"The Apache Web server, like most if not all of the others in
common use today, lets you execute arbitrarily complex operations
through the use of CGI scripts. These can involve database lookups,
system administration functions, real-time control of machinery,
online payments, or almost anything else you can think of."
"Ordinarily, all of these things occur in the context of the
user running the Apache server itself (typically nobody on Linux
systems). This is fine when you're using a system that is owned and
used by a single entity...but what if you're an ISP with multiple
companies being hosted on your system? Or an educational
institution with faculty who want to be able to execute their own
scripts? Either everything has to be accessible to the Apache
nobody user, or you have to run multiple instances of Apache on
multiple ports and IP addresses, one of each per user, with the
concomitant confusion of configuration files."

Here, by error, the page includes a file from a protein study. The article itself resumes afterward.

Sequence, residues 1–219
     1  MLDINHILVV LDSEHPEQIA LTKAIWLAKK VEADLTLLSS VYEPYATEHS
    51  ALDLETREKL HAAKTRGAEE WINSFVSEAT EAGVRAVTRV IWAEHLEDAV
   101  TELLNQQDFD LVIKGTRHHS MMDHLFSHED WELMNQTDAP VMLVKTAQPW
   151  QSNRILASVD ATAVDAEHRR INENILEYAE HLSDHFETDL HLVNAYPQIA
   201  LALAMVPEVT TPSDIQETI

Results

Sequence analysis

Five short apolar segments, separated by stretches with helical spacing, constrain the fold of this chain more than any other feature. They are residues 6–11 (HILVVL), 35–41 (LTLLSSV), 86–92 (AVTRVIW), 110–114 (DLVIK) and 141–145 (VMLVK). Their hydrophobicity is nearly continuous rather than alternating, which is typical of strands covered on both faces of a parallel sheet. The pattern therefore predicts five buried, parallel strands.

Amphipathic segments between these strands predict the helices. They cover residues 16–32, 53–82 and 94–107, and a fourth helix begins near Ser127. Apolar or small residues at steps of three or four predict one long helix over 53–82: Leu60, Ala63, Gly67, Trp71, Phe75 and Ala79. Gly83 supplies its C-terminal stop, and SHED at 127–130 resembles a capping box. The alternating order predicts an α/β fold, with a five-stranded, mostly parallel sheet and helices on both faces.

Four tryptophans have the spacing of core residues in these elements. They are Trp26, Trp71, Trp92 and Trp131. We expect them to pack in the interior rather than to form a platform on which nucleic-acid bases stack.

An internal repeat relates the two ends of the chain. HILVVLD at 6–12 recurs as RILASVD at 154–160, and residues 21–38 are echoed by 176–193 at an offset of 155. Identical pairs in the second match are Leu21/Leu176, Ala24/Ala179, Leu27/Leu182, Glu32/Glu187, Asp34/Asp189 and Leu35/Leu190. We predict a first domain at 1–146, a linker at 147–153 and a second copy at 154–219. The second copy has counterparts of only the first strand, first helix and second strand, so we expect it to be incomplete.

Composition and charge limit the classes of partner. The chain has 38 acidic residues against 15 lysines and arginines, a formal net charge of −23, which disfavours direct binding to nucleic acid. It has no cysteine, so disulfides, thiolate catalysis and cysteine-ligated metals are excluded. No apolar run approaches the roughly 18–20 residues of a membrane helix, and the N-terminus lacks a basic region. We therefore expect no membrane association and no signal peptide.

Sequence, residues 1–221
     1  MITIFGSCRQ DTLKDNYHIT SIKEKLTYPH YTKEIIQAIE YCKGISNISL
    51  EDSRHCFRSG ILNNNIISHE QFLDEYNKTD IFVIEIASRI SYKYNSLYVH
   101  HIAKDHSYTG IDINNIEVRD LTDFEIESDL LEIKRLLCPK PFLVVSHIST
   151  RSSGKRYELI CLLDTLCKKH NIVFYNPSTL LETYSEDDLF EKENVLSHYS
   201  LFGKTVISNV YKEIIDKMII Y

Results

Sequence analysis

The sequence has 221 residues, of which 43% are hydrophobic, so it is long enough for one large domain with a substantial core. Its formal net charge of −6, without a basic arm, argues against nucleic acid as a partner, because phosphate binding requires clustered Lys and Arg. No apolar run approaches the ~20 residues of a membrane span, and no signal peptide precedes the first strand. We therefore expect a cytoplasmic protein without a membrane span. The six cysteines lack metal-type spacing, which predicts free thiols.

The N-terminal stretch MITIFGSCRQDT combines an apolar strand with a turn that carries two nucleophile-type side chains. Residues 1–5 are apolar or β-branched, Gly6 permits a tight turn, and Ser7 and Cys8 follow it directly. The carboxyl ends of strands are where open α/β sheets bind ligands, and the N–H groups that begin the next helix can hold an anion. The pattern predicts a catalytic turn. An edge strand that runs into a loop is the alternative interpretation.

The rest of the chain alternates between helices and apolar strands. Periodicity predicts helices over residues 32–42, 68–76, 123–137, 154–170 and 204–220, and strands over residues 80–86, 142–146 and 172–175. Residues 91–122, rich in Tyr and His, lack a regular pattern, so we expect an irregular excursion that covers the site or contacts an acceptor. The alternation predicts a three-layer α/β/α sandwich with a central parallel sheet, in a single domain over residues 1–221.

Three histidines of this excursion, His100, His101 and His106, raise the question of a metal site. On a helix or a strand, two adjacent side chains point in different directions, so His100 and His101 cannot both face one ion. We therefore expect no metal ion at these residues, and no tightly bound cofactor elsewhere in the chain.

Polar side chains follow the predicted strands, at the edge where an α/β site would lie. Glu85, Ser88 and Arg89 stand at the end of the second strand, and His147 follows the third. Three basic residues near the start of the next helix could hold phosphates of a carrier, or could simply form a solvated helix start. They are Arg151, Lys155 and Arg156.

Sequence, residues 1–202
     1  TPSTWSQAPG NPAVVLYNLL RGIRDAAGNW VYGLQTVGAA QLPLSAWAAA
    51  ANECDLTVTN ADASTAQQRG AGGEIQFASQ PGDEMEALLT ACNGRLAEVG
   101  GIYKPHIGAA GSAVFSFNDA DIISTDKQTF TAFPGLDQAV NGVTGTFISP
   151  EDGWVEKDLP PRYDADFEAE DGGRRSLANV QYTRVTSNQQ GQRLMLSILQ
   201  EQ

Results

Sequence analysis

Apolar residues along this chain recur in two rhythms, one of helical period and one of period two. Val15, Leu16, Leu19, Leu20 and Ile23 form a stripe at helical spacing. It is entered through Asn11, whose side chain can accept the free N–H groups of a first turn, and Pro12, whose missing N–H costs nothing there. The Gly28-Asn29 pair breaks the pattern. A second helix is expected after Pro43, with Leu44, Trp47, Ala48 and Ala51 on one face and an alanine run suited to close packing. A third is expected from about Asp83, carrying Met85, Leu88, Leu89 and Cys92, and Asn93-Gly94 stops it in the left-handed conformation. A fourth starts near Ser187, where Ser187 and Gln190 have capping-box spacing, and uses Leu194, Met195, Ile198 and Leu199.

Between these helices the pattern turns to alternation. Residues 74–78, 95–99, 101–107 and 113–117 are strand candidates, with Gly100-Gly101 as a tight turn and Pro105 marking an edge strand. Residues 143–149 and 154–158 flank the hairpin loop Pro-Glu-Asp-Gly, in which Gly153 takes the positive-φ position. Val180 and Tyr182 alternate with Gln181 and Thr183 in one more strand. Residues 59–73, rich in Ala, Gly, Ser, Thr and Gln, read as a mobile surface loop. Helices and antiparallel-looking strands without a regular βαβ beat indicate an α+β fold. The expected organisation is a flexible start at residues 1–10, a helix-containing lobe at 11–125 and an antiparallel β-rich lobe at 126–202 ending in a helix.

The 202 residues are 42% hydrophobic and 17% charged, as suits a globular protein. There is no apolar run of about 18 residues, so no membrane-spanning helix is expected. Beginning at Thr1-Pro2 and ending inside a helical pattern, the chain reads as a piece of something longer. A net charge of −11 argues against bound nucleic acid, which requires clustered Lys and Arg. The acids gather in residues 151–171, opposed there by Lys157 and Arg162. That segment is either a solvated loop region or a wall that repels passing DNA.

"On the other hand, if the server is to be allowed to change
its identity, it needs to be done in a controlled manner, so that
the chance of compromising your system's security is kept to a
minimum. (Remember, Apache is usually started as root and only
changes to nobody later!) The suexec (pronounced 'SUE-ex-Ek')
tool helps make this possible. It's found in the src/support/
directory under your Apache source tree."
Some of the products that appear on this site are from companies from which QuinStreet receives compensation. This compensation may impact how and where products appear on this site including, for example, the order in which they appear. QuinStreet does not include all companies or all types of products available in the marketplace.